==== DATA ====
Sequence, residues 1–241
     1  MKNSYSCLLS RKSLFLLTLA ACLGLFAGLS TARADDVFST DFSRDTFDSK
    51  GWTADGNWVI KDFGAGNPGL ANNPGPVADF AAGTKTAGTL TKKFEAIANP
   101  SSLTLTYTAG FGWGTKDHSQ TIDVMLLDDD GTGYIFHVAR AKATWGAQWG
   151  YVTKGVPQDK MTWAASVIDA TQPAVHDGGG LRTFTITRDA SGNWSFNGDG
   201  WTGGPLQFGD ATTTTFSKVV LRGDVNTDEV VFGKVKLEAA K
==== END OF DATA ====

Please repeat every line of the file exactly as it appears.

Sequence, residues 1–241
     1  MKNSYSCLLS RKSLFLLTLA ACLGLFAGLS TARADDVFST DFSRDTFDSK
    51  GWTADGNWVI KDFGAGNPGL ANNPGPVADF AAGTKTAGTL TKKFEAIANP
   101  SSLTLTYTAG FGWGTKDHSQ TIDVMLLDDD GTGYIFHVAR AKATWGAQWG
   151  YVTKGVPQDK MTWAASVIDA TQPAVHDGGG LRTFTITRDA SGNWSFNGDG
   201  WTGGPLQFGD ATTTTFSKVV LRGDVNTDEV VFGKVKLEAA K